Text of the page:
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    • FreshPaper
      Jun
      3

      Can a sheet of paper help solve the world’s problem with food spoilage? Meet Kavita Shukla and FreshPaper.

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      FreshPaper is an innovative new product: a paper infused with edible, organic botanical extracts that help keep fruit and vegetables 2-4 times longer. The organic ingredients inhibit bacterial and fungal growth, also curtailing the enzymes that cause over-ripening. Originally envisioned for use in the developing world, FreshPaper has gained a direct-to-consumer following in the United States. Now, Fenugreen, the company behind FreshPaper, wants to revolutionize the food industry worldwide.

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      Kavita Shukla developed the idea for FreshPaper at the young age of 12 while visiting her grandmother in India. During her trip, she accidentally drank some water and was concerned it would make her ill. Immediately, her grandmother conjured up a spiced tea mixture which prevented Kavita from becoming sick. Those spices would eventually become the active ingredients in FreshPaper.

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      Kavita believed that the spice mixture must have somehow worked by cleaning the water that could have made her ill. So when she came home to the U.S., she started very simple experiments by adding different spice mixtures to water samples from ponds and from her family’s home water tap. Like most kids, she forgot about those projects until her mother asked her to clean the garage. It was then that Kavita had her first “aha” moment, when she realized some jars were clean and others jars were dirty or moldy. She formed a theory that the spices were somehow inhibiting the growth of mold. A few weeks later, while grocery shopping with her mother, she noticed some moldy strawberries and this gave her an idea for another experiment. At home she dipped some berries into her spice mixture and left others alone. A few days later she was amazed to see that the berries dipped into the mixture stayed fresh longer than berries that had not been exposed to the mixture. Kavita continued her experiments on other fruits and vegetables all throughout high school. During that time, she also developed a method to infuse the spices into a paper format.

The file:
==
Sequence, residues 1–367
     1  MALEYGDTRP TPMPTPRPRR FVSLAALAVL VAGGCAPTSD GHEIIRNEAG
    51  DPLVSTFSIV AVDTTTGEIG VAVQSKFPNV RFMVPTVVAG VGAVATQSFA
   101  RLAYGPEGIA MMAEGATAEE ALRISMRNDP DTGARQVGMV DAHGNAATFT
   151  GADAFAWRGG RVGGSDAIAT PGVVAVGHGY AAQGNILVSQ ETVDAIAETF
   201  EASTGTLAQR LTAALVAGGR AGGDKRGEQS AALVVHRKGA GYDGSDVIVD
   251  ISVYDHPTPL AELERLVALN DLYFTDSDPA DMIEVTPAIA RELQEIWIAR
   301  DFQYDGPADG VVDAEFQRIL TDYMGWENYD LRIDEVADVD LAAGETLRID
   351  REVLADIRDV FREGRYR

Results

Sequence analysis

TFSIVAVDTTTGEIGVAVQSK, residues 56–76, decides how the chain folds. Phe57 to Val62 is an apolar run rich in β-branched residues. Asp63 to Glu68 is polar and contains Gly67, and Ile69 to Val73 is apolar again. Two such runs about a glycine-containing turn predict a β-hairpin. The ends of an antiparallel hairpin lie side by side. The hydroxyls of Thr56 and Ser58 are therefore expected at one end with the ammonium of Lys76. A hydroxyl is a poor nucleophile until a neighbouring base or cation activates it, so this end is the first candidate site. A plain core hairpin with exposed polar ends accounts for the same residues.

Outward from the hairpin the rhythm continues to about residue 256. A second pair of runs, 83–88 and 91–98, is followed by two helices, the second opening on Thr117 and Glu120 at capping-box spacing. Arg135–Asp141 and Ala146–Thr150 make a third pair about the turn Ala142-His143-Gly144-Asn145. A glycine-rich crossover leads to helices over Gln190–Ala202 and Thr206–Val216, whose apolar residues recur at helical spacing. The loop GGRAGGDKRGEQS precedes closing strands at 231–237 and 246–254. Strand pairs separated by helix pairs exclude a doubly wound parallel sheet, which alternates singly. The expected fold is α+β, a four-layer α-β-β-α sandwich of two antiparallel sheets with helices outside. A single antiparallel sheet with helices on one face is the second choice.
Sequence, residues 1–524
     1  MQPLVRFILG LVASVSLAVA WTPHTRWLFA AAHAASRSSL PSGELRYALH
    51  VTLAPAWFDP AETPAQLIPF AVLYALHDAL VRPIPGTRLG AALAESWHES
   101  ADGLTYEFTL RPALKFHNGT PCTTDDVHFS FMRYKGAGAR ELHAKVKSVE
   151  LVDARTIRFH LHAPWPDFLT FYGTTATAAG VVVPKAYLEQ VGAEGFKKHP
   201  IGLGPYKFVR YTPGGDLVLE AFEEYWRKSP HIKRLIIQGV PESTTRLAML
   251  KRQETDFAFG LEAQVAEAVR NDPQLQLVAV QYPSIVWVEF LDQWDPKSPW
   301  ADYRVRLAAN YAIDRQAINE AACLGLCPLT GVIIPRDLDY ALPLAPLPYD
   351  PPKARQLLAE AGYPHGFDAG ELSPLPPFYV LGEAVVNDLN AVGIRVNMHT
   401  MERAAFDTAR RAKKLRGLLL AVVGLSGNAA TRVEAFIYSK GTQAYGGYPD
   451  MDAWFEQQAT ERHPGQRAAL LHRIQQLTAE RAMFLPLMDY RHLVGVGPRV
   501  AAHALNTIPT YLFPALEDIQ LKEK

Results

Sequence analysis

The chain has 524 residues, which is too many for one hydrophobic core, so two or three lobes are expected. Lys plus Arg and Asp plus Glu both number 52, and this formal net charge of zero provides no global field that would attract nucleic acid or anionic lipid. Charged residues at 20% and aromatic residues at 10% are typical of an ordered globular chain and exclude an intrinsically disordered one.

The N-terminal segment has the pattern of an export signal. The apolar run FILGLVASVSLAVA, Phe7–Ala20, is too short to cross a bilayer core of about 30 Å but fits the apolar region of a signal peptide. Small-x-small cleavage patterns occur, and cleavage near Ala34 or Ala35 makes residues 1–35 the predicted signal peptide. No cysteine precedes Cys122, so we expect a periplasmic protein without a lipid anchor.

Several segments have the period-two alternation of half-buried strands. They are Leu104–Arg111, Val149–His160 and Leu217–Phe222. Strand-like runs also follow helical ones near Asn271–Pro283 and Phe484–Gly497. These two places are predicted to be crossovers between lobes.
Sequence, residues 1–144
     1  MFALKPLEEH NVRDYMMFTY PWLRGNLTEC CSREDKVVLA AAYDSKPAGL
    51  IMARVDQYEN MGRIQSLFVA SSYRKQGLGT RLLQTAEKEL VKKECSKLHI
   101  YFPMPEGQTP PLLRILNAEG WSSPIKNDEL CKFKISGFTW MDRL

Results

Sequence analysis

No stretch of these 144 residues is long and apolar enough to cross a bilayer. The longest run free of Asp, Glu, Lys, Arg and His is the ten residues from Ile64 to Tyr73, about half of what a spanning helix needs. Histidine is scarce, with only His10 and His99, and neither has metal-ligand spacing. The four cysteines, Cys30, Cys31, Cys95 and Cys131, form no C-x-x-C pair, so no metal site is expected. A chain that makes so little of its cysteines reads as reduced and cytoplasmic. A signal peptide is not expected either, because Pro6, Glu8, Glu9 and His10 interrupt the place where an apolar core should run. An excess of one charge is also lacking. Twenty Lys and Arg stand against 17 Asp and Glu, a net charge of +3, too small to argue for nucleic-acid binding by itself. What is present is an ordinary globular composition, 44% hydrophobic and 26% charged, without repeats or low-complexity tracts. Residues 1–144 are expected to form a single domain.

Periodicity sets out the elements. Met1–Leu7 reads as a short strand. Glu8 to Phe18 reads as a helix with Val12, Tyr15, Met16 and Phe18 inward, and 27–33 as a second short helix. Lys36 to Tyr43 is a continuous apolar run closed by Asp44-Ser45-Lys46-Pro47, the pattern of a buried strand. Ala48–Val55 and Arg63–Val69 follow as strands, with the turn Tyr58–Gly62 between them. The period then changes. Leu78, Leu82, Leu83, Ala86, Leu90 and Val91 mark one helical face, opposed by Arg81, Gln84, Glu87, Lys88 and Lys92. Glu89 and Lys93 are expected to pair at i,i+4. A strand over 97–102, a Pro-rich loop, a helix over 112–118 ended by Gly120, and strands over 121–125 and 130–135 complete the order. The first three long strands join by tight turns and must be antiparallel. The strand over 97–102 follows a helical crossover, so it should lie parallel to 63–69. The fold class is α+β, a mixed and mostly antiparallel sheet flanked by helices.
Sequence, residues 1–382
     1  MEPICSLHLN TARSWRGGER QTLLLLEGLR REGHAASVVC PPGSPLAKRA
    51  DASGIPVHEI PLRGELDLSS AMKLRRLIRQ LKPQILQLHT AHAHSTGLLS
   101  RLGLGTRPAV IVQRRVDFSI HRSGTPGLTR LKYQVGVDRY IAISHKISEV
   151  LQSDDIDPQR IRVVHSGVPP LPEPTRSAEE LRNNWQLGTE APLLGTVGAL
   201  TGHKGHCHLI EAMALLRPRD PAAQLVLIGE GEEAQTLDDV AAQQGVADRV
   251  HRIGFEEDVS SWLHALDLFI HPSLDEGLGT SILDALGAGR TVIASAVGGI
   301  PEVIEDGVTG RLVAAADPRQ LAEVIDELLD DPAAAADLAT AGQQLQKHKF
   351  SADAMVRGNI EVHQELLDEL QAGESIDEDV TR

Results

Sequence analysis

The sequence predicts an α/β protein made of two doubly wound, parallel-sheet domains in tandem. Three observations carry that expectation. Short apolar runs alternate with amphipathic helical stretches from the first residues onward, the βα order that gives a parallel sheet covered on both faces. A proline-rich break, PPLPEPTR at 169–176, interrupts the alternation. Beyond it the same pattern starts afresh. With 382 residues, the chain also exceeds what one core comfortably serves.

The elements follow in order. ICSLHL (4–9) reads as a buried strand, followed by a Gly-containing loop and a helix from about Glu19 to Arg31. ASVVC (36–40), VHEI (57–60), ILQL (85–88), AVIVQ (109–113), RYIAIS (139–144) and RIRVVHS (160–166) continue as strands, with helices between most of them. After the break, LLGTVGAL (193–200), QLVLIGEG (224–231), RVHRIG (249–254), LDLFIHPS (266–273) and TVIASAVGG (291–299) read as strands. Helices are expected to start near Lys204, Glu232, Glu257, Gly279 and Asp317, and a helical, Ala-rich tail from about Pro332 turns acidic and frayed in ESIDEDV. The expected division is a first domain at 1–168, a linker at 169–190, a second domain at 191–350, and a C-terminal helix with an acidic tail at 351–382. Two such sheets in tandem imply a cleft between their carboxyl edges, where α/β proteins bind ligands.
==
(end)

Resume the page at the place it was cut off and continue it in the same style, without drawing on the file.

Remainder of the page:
What many people don’t know is that for almost ten years after Kavita developed FreshPaper, she tried to do many different things with her invention and failed. In college, she tried to build a non-profit, from which she learned a very important lesson about how hard it can be to give something away for free. She really believed that the project could help people; people like her grandmother, who was one of more than a billion people who grew up without access to electricity and refrigeration. She asked herself, could something so simple make a difference in places where people have no refrigeration? Could it affect our own food system, which is so big and monopolized by big players?